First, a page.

“[A] readable and informative new history . . . timely.” —The Economist
“[A] revealing chronicle of Israeli foreign and defense policy . . . Tyler’s well-researched account illuminates an ugly and troubling dimension of Israeli policy and politics.” —Publishers Weekly
“Tyler presents a sharp critique of the close relationship between the Israeli government and the officer corps of the Israeli military . . . [he] researches deeply and does not pull his punches.” —Booklist
“Fortress Israel is the definitive historical and analytical account of the role that Israel’s military has played both in Israel itself and in the wider Middle East. In Patrick Tyler’s deeply reported and very well written account, one learns how a militarized Israeli culture has permeated the decision making of Israel’s governments for decades and how that culture affects the calculus of its politicians today. If you want to understand Israel’s future—and also how that future may play out in the Middle East—this book is mandatory reading.”
—Peter L. Bergen, author of Manhunt: The Ten-Year Search for Bin Laden from 9/11 to Abbottabad
“In this exceptional book, Patrick Tyler demonstrates with meticulous documentation and revealing interviews with the country’s national security experts how Israel’s founding military and intelligence leaders were essential to the survival of a young nation. Tyler also tackles the vexed question of our era: Will Israel’s warrior ethos and its legacy of zero-sum strategies for dealing with its Arab neighbors and the Palestinians prevent it from crafting a lasting peace? Tyler’s analysis of how much the world lost with the assassination of Yitzhak Rabin is definitive and heartbreaking. Fortress Israel is essential reading for students of the Middle East.”
—Howell Raines, former executive editor of The New York Times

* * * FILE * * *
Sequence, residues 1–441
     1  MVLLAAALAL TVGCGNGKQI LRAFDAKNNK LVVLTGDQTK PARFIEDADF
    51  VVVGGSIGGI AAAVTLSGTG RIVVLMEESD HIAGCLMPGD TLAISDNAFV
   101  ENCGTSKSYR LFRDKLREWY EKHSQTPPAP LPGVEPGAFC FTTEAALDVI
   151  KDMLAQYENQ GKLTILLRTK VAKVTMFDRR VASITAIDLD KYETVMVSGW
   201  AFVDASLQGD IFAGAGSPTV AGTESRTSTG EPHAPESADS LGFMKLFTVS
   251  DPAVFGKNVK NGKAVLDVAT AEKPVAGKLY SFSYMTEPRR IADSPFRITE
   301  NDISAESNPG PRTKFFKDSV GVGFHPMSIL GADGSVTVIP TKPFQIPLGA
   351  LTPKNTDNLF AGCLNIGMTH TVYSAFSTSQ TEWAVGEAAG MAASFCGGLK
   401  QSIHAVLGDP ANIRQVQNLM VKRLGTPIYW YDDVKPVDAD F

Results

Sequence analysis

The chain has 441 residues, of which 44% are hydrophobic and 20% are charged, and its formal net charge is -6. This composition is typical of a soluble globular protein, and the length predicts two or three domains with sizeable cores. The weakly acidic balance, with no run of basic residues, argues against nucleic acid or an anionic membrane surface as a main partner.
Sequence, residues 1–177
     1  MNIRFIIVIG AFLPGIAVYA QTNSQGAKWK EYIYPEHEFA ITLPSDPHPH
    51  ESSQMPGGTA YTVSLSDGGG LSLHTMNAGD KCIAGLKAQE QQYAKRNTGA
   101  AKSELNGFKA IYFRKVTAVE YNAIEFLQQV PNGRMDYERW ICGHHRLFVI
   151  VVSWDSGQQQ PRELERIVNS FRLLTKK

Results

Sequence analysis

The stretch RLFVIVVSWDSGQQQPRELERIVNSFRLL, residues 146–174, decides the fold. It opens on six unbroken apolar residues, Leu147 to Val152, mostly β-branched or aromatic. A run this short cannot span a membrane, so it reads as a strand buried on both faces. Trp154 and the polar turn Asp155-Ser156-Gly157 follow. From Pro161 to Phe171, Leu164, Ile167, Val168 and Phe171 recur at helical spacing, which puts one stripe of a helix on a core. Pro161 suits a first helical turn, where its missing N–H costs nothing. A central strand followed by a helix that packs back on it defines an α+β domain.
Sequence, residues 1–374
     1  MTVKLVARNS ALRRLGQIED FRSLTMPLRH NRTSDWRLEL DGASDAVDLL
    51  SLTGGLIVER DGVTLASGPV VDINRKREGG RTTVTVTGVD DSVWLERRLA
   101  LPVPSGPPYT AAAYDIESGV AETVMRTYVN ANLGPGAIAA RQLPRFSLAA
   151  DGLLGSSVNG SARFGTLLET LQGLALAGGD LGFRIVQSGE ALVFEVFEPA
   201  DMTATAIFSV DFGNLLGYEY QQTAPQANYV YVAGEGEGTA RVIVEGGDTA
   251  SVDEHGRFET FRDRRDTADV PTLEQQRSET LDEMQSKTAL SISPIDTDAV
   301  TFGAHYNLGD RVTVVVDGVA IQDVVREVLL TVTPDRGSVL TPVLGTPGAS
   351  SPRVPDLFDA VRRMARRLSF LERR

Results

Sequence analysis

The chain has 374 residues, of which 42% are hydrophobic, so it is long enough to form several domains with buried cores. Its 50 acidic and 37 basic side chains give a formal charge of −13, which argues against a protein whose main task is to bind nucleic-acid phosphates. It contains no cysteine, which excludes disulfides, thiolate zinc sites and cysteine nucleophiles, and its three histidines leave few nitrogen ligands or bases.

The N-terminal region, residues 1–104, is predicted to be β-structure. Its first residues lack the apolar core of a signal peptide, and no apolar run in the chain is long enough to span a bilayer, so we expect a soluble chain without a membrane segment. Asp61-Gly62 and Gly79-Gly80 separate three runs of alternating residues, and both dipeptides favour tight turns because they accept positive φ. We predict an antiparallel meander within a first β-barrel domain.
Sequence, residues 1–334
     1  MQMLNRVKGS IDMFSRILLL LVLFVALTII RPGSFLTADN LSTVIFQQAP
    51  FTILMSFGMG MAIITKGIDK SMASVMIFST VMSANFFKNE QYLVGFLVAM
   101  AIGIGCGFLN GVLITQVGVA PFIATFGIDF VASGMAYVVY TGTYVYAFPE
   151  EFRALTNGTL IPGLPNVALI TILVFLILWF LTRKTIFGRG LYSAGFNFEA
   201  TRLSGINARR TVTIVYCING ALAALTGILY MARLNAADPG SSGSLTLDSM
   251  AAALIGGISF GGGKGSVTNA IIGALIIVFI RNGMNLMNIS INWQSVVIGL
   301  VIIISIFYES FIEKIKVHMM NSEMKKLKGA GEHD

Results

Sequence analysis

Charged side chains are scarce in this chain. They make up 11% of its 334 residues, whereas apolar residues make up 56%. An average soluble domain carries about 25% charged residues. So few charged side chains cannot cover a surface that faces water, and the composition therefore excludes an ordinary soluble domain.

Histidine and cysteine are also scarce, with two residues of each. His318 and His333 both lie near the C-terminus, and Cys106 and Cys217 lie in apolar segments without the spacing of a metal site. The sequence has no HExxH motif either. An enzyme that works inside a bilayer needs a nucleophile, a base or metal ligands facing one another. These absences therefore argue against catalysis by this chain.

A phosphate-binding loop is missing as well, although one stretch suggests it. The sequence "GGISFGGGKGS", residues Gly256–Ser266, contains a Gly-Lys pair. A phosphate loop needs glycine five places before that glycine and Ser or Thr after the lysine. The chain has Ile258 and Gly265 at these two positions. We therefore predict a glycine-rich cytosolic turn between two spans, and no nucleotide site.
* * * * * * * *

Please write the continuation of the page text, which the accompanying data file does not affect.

“With Fortress Israel, Patrick Tyler takes his place in the first rank of historians of Israel and the modern Middle East. He presents a provocative but objective look at the militarism that has driven Israel’s leaders since the founding of the state and explains vividly—without ideological cant or bias—why generations of tough-minded sabras have found it so difficult to convert their battlefield successes into a lasting peace.”
—Terence Smith, Israel correspondent for The New York Times during the Six-Day and Yom Kippur Wars
“A rare and often disturbing portrait of Israel’s military elite, with all its foibles, rivalries, and vicious infighting.”
—Martin van Creveld, author of The Land of Blood and Honey: The Rise of Modern Israel
Patrick Tyler worked for twelve years at The Washington Post before joining The New York Times in 1990, where he served as chief correspondent. His books include Running Critical, A Great Wall (which won the 2000 Lionel Gelber Prize), and A World of Trouble. He lives in Washington, D.C.
As the Israeli historian Benny Morris has noted, most of the leaders of Israel have not been in the military.
Interestingly,author even does not try to pretend to be impartial To be anti-Israeli is a contemporary political correctness, apparently.
I've read around 50 books about the Middle East/Israeli-Palestinian Conflict.....this is the most meaningful and sobering.
Yeah, a nation that uses political assasination as policy is confronted by JFK about it's illicit Nuclear program with the threat of sanctions, and BTW,Israel considered JFK'S... Read morePublished 27 days ago by buddy
A must-read for all interested in the Middle East situation. Israel is exposed as a militaristic bully all too willing to deceive the U.S. Read morePublished 2 months ago by Claire de Lune
A startling review of one element that perpetuates conflict in the Middle East.Published 2 months ago by Ruben
Fortress Israel, by journalist Patrick Tyler is an evil book which this review will demonstrably demolish in a few words. Read morePublished 5 months ago by Andy K
I've always wanted to know the background of certain Israel's decisions since 1948, and this book provided a lot of it. Read morePublished 6 months ago by Bostjan Klemencic
Brilliant book Some interesting facts .Never thought the world is set up the way it's being explained Learned a lotPublished 6 months ago by Johan Stroh
Thanks to the author who had gathered so much useful information and distorted it completely. His effort in supporting permanent war on Middle East remarkable so not unusual in... Read morePublished 7 months ago by Mark Golod
The subtitle of Tyler's book makes a bold claim, but Tyler neither shows that a military elite runs Israel nor that those who run Israel cannot make peace. Read morePublished 9 months ago by I.O.Pine
The book is interesting to read. Contains a lot of historical facts. But the conclusions are always biased against Israel. Read morePublished 11 months ago by dobrell